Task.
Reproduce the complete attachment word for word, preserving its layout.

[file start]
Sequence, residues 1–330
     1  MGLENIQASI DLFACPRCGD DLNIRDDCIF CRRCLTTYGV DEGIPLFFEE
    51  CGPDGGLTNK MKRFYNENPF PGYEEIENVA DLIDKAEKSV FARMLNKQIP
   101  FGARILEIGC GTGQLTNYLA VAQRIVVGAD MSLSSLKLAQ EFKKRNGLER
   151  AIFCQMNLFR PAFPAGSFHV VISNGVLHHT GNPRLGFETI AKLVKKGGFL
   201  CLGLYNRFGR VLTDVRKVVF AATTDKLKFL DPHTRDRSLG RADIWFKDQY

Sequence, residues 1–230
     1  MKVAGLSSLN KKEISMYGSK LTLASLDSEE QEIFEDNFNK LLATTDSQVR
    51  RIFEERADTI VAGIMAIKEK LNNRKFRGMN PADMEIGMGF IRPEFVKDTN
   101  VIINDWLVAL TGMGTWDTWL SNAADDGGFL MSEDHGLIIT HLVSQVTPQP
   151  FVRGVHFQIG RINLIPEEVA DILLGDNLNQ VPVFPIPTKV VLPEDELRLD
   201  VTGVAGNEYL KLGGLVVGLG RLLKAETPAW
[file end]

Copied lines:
Sequence, residues 1–330
     1  MGLENIQASI DLFACPRCGD DLNIRDDCIF CRRCLTTYGV DEGIPLFFEE
    51  CGPDGGLTNK MKRFYNENPF PGYEEIENVA DLIDKAEKSV FARMLNKQIP
   101  FGARILEIGC GTGQLTNYLA VAQRIVVGAD MSLSSLKLAQ EFKKRNGLER
   151  AIFCQMNLFR PAFPAGSFHV VISNGVLHHT GNPRLGFETI AKLVKKGGFL
   201  CLGLYNRFGR VLTDVRKVVF AATTDKLKFL DPHTRDRSLG RADIWFKDQY

Sequence, residues 1–230
     1  MKVAGLSSLN KKEISMYGSK LTLASLDSEE QEIFEDNFNK LLATTDSQVR
    51  RIFEERADTI VAGIMAIKEK LNNRKFRGMN PADMEIGMGF IRPEFVKDTN
   101  VIINDWLVAL TGMGTWDTWL SNAADDGGFL MSEDHGLIIT HLVSQVTPQP
   151  FVRGVHFQIG RINLIPEEVA DILLGDNLNQ VPVFPIPTKV VLPEDELRLD
   201  VTGVAGNEYL KLGGLVVGLG RLLKAETPAW